By Mark Fike
Once you have located a good spot to get into the early season goose action, it is time to make a plan. Early season birds are a tough lot and can be very stuck in their ways when it comes to feeding and loafing. It takes a whole lot of persuasion to get them off the regular routine.
As stated in last week’s article, you need to scout and have the flocks you are hoping to hunt dialed in and know where they go to feed, loaf and roost and what they are feeding on. Do not think you are going to set up along their flying route and just call them on over to your field. It could happen, but not likely. They know where they want to go before they even flap their wings.
Know what time they normally arrive at the feeding location and where in that feeding location they prefer to land. This means a scouting trip the day or so before if possible. As they eat their way through the grass, grain or food, they change landing zones slightly. No point in walking or waddling a hundred yards when you can land right on top of it.
The same goes for the loafing location which is normally a pond. Geese love to rest on the water or on the pond bank. The great thing about hunting a water hole during the early season is that you usually don’t have to get up at 3 AM to get set up. You may even be able to sleep in a bit or get a good breakfast before you even leave the house!
Get to that spot and set up your spread with at least 45 minutes to spare. Although these birds are on a schedule, they can deviate from it due to cloudy weather, windy conditions, storms or whatever.
I prefer to use less than two dozen decoys in the early season. I have found no point in setting up hundreds of decoys in the heat when the birds are coming to that location anyway! I like to have about a dozen, sometimes more, sometimes less.
Having a few decoys gives the birds confidence and I think it may sometimes make them more direct about landing in the location because they see “interlopers” have horned in on their space.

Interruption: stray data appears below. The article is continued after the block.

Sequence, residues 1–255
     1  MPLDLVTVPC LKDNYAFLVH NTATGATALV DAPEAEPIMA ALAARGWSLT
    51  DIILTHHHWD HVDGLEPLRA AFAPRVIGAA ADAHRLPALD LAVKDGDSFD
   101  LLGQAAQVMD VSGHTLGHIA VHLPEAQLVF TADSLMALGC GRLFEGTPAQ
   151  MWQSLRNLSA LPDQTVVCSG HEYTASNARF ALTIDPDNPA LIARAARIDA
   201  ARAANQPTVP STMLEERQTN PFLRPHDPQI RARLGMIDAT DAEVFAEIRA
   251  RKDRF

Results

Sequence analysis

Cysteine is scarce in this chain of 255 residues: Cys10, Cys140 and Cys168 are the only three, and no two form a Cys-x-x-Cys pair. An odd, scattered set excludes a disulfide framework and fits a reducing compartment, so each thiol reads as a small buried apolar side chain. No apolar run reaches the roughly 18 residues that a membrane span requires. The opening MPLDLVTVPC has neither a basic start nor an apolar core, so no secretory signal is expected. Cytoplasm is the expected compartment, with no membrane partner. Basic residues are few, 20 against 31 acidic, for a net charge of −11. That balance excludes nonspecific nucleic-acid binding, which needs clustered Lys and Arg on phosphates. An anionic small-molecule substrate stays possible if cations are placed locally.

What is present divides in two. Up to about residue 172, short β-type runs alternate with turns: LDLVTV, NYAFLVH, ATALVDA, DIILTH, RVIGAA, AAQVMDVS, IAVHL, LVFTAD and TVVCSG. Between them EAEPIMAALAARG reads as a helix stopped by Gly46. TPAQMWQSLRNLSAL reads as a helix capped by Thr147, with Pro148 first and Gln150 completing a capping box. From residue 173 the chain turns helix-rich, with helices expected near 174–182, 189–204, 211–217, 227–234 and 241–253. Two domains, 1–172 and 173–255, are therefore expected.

When setting up your spread and blinds, be sure to use the terrain to your advantage. If you can put your layout up against a fence or hide it in taller grass, do so. If there are stumps or logs or other things to help break up your blind, use it. Shallow depressions? Ditto.
If you are hunting at the water hole, get a few floaters and a few resting geese decoys. Put some on the shoreline too. Pay attention to how the geese act during your scouting trip. Most of the time the geese lighting on the pond will approach the same two ways depending on the wind, and they will fly off the same two ways as well.
Just like you do when hunting during the regular season, have someone in charge of calling the shots and make a point to let as many geese get into the spread as possible to maximize your harvest to help the landowner. Pick your shots and make them cleanly. No one wants to see a crippled bird hobbling around the farm or the nearby subdivision. Enjoy the meat, too. Goose is good despite what you might have heard. Perhaps we will run a recipe in a few weeks to make use of those goose breasts you will be putting in your freezer.